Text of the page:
Is nonfiction more rigorous than literature? An important education initiative thinks so
English teachers are fretting that a set of curriculum guidelines could reduce the teaching of fiction and poetry in the classroom, the Washington Post reports. The Common Core State Standards, which will be implemented by more than 40 states by 2014, require that 50 percent of elementary school reading be nonfiction, climbing to 70 percent by 12th grade. Supporters, the Post says, believe American students have suffered from “a diet of easy reading and lack the ability to digest complex nonfiction, including studies, reports and primary documents,” leaving them unprepared for higher education and the working world.
Schools face problems ranging from overcrowded classrooms to crumbling buildings to malnourished students. But the idea of rigorous common standards in general, if not these specific guidelines, has support from powerful interests including the Department of Education, the U.S. Army and numerous reformists. Some of the suggested ideas would be a notable change from what almost all Americans remember of high school.
The Post writes:
Among the suggested nonfiction pieces for high school juniors and seniors are Alexis de Tocqueville’s “Democracy in America,” “FedViews,” by the Federal Reserve Bank of San Francisco (2009) and “Executive Order 13423: Strengthening Federal Environmental, Energy, and Transportation Management,” published by the General Services Administration.
The standards “mandate certain critical types of content for all students, including classic myths and stories from around the world, foundational U.S. documents, seminal works of American literature, and … Shakespeare.” That said, English teachers in particular are distressed over a perceived devaluing of literature.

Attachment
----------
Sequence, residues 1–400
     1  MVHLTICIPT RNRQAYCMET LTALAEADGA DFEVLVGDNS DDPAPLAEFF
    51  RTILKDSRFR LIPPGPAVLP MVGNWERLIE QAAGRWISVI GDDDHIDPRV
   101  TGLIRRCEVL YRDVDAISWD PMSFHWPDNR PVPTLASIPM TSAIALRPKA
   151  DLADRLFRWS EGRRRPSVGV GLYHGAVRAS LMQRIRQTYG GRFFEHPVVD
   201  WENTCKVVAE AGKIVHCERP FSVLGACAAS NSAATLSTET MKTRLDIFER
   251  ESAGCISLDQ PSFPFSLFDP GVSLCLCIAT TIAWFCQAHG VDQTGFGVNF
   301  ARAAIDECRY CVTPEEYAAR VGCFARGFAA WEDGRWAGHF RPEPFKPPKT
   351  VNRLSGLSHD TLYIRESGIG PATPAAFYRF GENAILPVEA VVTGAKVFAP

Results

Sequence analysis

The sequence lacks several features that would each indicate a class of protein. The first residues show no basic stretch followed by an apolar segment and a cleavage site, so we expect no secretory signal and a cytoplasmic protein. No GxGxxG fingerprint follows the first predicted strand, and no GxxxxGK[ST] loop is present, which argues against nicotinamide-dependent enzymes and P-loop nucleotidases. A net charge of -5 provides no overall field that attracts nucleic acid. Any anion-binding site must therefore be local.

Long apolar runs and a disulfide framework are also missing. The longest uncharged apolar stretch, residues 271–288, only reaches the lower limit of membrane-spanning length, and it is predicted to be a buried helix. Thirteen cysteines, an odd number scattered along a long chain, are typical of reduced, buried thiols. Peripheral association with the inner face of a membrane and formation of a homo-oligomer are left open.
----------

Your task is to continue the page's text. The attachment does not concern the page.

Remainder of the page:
Jamie Highfill is mourning the six weeks’ worth of poetry she removed from her eighth-grade English class at Woodland Junior High School in Fayetteville, Ark. She also dropped some short stories and a favorite unit on the legends of King Arthur to make room for essays by Malcolm Gladwell and a chapter from “The Tipping Point,” Gladwell’s book about social behavior.
“I’m struggling with this, and my students are struggling,” said Highfill, who was named 2011 middle school teacher of the year in her state. “With informational text, there isn’t that human connection that you get with literature. And the kids are shutting down. They’re getting bored. I’m seeing more behavior problems in my classroom than I’ve ever seen.”
That could be the guiding anecdote of a Malcolm Gladwell essay. But seriously, the standards appear to suggest that nonfiction is by definition more rigorous and practical than fiction and poetry. But is “The Tipping Point” a tougher slog than “Moby Dick” or more thought-provoking than an average “literary” novel?
Executive Order 13423 – a five-page slurry of legalese probably unread by President George W. Bush, who signed it — and “The Tipping Point” do have one important thing in common, however: they’re both written in distinct idioms that adults encounter in the working world. Is prioritizing these modes of language over a more literary curriculum, before students have even reached college, of any lasting value? I’m not sure but the blind favoritism of nonfiction shouldn’t be mistaken for teaching kids to think. Let’s hope the folks writing the curriculum have something smarter in mind.
More Related Stories
- New campaign compares gun control to anti-LGBT discrimination
- Study: Salt Lake City is gay parenting capital of the U.S.